Newspaper Page Text
Flagged ??ie Game.
By W? F. BRYAN.
Copyrighted, -isuS. by Associated
.No thunder rolled, no lightning Sash
ed, when James Henry Holden got his
Job, but the proceedings were not alto
gether without excitement. James
Henry entered the office with a de
mand for the position offered in che
' "We've got a boy," declared Royce,
the gray haired manager. "You're too
*T was to ten other placea before 1
could get here," explained Ja es
Henry. "Which is the kid you put on?"
Boyce nodded lu the direction ol! a
small boy who was regarding his nice
ly polished boots with embarrassed in
terest. James rendered hoarse thanks
for the information and slipped out.
He was back again in an hour or so to
lay a package and some change on
? "Them's the pencils you sent for," he
announced. "Where'U I put my hat ?"
"I told you we had a boy." st.Id
"And 4had' ain't *is.'" explained
James. "He's gone home to get his
eye fixed, and I told him Td take the
job, so's he needn't worry."
For a moment Royce hesitated. It
was* bad policy to employ a boy wio j
nad' taken another's job. but Royce
was very tired of boys who lacked
spirit, so at last he nodded his head
In-the direction of the bench where
..the boys sat walting for their turn to
"No more fighting or out you go," he
wained, with a frown, and James
grinned as he crossed over to the
lb two days he was "Jlmsey" to ev
ery one in the office with the exception
of "Benson, the senior partner, and
even Benson thought of him ns Jlmsey
r"r> these Infrequent occasions when he
?rafe the Hd any thought at all. Ile
WAR Q?&rt. intelligent and always ready
rr, .-.<-.; rr* :f-n-'ces not strictly In his
? .71 . '-y was sent up
tow : : :>"-: n's home with some
nur-'?, c rrd in rhese commissions he
delfc-bled. Usually he carried a mes
sage to Mrs. Benson, and Jlmsey grew
adoringly fond of the sweet faced girl
who was the broker's second wife.
Marion Chesney bad married Benson
because her parents bad given ber no
peace unto she bad consented to make
- the sacrifice mat should re-establish
. the Chesney fortunes even at the price
of her own unhappiness, and like a
brave little woman she was trying
hard to make the best of lt, though she
-'found it very difficult at times.
\ Benson bad sought a mistress of bis
bone rather than of his heart. He de
lighted in seeing his wife at the bend
of-his table when he gave dinners *J
h a business associates. Like the plate
^^d the wines, she did credit to his
' t?tohT^H^* he ^ve her llttle
.flower* and ^??f?
cause be felt that thia W"^6'7 D*
and Jlmsey took far more de^^TT
th? trip than did Benson in the sen'cl
ing or Marion in the receiving.
Once lt had slipped out at hone
_ that the head clerk had a standing
order to remind bis employer to send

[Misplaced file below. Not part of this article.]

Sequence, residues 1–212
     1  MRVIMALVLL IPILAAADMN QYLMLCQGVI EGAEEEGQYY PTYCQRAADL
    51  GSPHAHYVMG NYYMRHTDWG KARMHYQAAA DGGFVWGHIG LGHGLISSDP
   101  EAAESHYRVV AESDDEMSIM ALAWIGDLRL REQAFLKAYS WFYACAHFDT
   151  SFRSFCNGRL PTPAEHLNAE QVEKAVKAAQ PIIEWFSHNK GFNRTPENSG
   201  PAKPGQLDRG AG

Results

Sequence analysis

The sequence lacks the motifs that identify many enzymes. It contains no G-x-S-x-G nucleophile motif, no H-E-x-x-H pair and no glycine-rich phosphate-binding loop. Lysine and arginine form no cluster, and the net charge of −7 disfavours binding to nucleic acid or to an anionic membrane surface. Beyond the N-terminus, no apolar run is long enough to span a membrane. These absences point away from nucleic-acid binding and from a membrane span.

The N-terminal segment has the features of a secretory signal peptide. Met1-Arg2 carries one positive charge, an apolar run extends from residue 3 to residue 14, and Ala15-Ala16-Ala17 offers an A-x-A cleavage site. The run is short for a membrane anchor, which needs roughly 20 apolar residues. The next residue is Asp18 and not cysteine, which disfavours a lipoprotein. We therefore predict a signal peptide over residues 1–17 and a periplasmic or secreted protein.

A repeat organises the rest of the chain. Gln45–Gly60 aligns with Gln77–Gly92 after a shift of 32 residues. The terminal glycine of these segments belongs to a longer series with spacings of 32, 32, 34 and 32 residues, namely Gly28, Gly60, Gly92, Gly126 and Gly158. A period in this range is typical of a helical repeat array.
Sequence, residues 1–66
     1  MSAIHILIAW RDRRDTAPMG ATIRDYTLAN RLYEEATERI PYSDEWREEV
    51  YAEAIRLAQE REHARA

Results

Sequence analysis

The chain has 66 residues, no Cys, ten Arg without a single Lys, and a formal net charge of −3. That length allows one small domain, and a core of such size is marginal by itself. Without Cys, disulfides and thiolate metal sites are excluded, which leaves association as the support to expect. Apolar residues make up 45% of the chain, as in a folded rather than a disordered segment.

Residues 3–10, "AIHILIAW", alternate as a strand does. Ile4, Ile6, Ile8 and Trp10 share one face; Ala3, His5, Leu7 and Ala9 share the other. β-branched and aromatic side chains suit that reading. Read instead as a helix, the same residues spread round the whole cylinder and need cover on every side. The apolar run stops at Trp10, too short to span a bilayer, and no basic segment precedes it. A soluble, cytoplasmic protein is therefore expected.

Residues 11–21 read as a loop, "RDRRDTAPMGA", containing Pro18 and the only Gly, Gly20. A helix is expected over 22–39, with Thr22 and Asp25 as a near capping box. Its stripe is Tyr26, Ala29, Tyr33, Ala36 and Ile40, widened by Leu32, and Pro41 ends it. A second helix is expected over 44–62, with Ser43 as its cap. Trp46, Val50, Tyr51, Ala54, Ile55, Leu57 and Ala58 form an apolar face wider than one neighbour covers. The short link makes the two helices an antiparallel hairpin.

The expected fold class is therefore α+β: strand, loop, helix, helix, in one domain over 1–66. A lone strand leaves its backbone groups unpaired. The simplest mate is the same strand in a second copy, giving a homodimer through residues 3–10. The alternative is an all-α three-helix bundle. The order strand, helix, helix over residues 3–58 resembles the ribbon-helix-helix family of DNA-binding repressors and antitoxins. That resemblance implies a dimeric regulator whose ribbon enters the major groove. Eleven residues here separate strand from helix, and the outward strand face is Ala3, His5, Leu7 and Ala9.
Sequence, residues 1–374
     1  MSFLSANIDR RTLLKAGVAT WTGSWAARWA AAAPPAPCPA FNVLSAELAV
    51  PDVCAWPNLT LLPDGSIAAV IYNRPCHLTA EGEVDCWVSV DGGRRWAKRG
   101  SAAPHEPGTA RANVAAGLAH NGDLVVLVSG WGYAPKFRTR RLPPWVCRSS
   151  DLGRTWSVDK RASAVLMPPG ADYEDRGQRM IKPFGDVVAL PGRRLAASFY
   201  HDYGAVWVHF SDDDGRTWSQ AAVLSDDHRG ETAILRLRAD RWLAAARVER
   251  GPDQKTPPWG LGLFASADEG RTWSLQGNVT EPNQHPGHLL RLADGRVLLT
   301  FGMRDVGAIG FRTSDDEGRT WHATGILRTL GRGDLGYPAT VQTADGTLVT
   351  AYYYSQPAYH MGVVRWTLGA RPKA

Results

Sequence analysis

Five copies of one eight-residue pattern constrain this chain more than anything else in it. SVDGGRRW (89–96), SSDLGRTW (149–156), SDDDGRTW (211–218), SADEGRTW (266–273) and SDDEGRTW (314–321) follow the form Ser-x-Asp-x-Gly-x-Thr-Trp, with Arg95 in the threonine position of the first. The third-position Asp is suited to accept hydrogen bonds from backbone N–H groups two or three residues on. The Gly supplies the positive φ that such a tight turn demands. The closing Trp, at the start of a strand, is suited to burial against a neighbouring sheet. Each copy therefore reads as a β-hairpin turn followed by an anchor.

flowers and things, and after that they
,were flowers or candy to Marion
jlmaey'a frank admiration and lively
ways meant far more to her because
bis boyish adoration was sincere and
bte friendliness genuine. She came to
watch for his appearance, and to Jim
?ey the quarter or half dollar that she
five bim meant far less than the
friendly pressure of the slim, cool fin
gera ss she laid the coin In his palm.
So matters stood when Jlmsey, mak
ing ? short cut through the park cn
the way to the street car line, came
. fact to face with Marlon and a man
as be turned a curve in the path
There was no mistaking the man's ?*
- tirade. He was making determined
love to her, and she seemed at least
tolerant if not receptive.
..For an instant Jlmsey paused and
tben half turned to retrace his steps
and made a detour. When he caught
a better glimpse of the man's face ho
He came to a stop before the couple,
and bis bat was whisked off as he
made a sweeping bow to Marlon. Then
ho turned to the man with a look ol
' I "Get on a nsw lay, Skinny," he de
manded. "You're off your beat and in
over your bead. You'd better beat li
or 111 tell the cops where the lead pipe
from Hennessy's new tenements went
lo. Ifs too bad you can't stay no long
er, but you get til outen here."
- To Marlon's surprise the man rose
and without a word took a hurried de
parrare. Jlmsey turned to her with
mild reproach In his eyes.
"I know bow you feel," he said
soothingly as he watched the tears
come unbidden to her eyes. "You want
to bave a steady, and the old man ain't
no good for the mushy stuff. You can't
get a flirtation with no one what
knows your push, but you don't want
to get mixed up with no lead pipe
"I am interested in charities," she
explained, not realizing that she was
making a defense to a fifteen-year-old
" ftoy. "He spoke so interestingly of the
conditions be bad studied: This was
the first time that he presumed to be
'. "He thought bo had you cinched,"
remarked Jlmsey, forbearing to add
tb?l bs thought sh? was "easy." "You
V. ?SOTS ?XHOX?o 'SST
?G?m& O??T pce IVOSHS
Kg.jK>j,-?jaQ igoarpmft pus ;namg
Witwj > sala
?Tiff ?OS P?*8H9flO
mmi SHA anno-omr
want to put the old man wise, be*
cause Skinny may try to hold you up
blackmail, you know."
"I couldn't, I couldn't!" cried the
girl with a sob.
"But you must," insisted Jimsey
firmly. "If you don't tell, he'll make
up all kinds of stories, and you"ll bare
to put up or stand for 'em."
"But you can't understand," she be
gan, and Jimsey sagely nodded his
head. Ha was wise far beyond his
"I know," he conceded "You two
ain't never had a good fight so's you
could know each other. Cn I put him
The girl shook her head, but Jimsey
shook his, too, and, though he said no
more to her, he was waiting for Ben
son when the latter left the office. It
was Benson's habit to walk uptown
each evening until he felt tired, and
tonight Jimsey emerged from the shad'
ows of tho corner and fell into step.
"I want to chew the rag, boss," he
"See the cashier if you want more
salary," was the short response. "I
cannot be bothered with office details."
"This ain't office," denied Jimsey.
"It's about the lady. I didn't promise
not to tell, and she's afraid to."
"What do you know about my wife
that she ls afraid to tell me?" demand
ed Benson sharply.
"It's this way," explained Jimsey
hurriedly. "She ain't got nothin' to do